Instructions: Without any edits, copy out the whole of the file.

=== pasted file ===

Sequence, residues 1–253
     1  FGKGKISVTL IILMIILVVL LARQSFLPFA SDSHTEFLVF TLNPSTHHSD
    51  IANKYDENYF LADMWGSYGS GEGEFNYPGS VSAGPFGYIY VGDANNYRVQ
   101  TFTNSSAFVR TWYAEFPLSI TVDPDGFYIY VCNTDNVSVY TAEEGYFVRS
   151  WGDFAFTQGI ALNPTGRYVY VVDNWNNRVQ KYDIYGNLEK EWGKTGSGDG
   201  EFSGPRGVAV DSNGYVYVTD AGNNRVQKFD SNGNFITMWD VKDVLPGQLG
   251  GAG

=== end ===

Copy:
Sequence, residues 1–253
     1  FGKGKISVTL IILMIILVVL LARQSFLPFA SDSHTEFLVF TLNPSTHHSD
    51  IANKYDENYF LADMWGSYGS GEGEFNYPGS VSAGPFGYIY VGDANNYRVQ
   101  TFTNSSAFVR TWYAEFPLSI TVDPDGFYIY VCNTDNVSVY TAEEGYFVRS
   151  WGDFAFTQGI ALNPTGRYVY VVDNWNNRVQ KYDIYGNLEK EWGKTGSGDG
   201  EFSGPRGVAV DSNGYVYVTD AGNNRVQKFD SNGNFITMWD VKDVLPGQLG
   251  GAG